Blog Post

Consumer Electronics Friday: The iPhone is Apple's Infiltrator?

Appending the usual disclaimer that I don't work for or have any financial stake in the Apple Corporation, I'm going to blog briefly about the company today. Their influence on business environments without actually focusing on corporate sales is notable, as covered by BusinessWeek in their current cover story. A short excerpt:

"Demographic trends may be on Apple's side. All those college kidswielding iPods have created a deep pool of potential Mac users.According to a survey of 1,200 undergrads by researcher Student Monitorthis year, 43% of college students who intend to buy a laptop plan tobuy a Mac, up from 8% in 2003. 'Many of today's technologydecision-makers will ultimately be replaced by Mac users,' says EricWeil, managing partner of Student Monitor.

Of course, how far Apple gets in the corporate market dependslargely on [Apple CEO Steve] Jobs. Industry and financial experts don't expect Apple tomake any of the major strategic moves that would signal a substantialnew focus on selling Macs to the corporate market. Jobs almostcertainly won't license his software to others to create a secondpotential Mac hardware supplier, as most corporate buyers would like.And he's just as unlikely to introduce some bare-bones cheapo desktopmodel to satisfy cost-conscious CIOs. 'Apple is happy about its pricepoints as they stand today,' says IDC analyst David Daoud."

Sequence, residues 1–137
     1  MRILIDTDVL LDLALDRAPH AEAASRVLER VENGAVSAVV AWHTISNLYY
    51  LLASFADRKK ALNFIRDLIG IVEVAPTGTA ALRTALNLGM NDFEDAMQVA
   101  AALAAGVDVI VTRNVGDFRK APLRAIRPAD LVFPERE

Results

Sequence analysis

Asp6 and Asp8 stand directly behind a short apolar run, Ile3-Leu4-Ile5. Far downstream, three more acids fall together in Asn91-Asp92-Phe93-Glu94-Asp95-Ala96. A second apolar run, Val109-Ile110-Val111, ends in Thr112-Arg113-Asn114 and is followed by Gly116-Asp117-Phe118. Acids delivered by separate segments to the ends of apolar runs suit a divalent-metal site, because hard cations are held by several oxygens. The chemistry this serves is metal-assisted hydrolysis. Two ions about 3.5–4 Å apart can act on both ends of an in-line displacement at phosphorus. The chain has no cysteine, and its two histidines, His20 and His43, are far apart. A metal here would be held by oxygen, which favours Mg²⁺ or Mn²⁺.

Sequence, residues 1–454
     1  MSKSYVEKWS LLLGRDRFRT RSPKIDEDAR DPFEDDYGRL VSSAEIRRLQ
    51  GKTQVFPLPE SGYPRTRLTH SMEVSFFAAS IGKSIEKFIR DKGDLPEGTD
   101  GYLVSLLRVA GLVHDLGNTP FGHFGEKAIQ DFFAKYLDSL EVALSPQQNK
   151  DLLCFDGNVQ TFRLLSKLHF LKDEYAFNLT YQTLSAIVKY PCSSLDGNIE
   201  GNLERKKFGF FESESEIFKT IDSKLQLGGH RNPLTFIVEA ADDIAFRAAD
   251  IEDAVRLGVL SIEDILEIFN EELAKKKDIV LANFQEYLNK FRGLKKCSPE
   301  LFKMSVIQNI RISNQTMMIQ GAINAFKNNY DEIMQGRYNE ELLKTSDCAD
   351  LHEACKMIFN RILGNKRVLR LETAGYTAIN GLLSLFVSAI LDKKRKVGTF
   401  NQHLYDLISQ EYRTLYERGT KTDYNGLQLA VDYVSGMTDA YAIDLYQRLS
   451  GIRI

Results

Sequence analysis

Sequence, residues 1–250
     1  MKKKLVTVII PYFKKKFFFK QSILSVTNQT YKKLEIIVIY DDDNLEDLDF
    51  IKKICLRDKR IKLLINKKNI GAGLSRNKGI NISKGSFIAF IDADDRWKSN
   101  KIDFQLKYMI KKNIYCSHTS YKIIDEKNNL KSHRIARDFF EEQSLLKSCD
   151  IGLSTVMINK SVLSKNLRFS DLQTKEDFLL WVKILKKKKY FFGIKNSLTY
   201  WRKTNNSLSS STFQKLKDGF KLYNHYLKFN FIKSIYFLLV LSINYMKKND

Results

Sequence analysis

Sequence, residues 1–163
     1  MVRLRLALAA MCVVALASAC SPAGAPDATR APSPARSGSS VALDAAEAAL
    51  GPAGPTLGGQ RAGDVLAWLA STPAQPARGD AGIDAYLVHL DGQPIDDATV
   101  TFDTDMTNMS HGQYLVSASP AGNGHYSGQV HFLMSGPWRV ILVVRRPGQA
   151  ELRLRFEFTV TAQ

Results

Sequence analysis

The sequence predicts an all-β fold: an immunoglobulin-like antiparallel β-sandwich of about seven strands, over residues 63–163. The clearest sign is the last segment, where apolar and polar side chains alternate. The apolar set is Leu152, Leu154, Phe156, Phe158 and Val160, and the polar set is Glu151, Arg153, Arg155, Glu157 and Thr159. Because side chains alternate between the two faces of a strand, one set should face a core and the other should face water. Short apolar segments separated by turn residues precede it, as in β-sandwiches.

The iPhone still appears to be generating plenty of buzz, at leastjudging by all the folks poking at the floor models when I was at theApple Store yesterday. A major reason is the much-awaited software upgrade of the iPhone coming this summer, which might be the breaking point for businesses thinking of switching, at least in allowing their workers a choice, if not in switching entirely from PCs. Even NY Times tech columnist David Pogue sang its praises last summer, as you can see in the attached Youtube video. And, indeed, don't forget about the flood of iPods that introduced so many people to Apple products in the first place. And if you are one of the many folks out there with a "PC by day, Mac by night" life, you know what I'm talking about.

BTW: Consumer Electronics Friday isn't a real holiday; I just invented it. :)



HI, Jonathan, Great post! I'm over here coincidentally writing a talk for the Digital Youth Asia conference in Tokyo next month and trying to factor into the digital youth equation the way patterns of consumption change and have an impact on patterns of production. Your post really drives that home. It's not even consumption/production/prosumption--the consumer as producer, in the Web 2.0 and DIY sense--but also the way consumption can immediately lead even big producers such as Apple to customize their products to a certain aesthetic, a need, a use, an IP requirement, and a demographic. Thanks for posting! Hope you had a great weekend. Here, it was Milano all the way . . . .


Indeed, big tech companies keep an ear very close to the ground when it comes to their consumer products. It's not that Apple just sincerely wondered how I was doing today, despite what a lot of folks might think.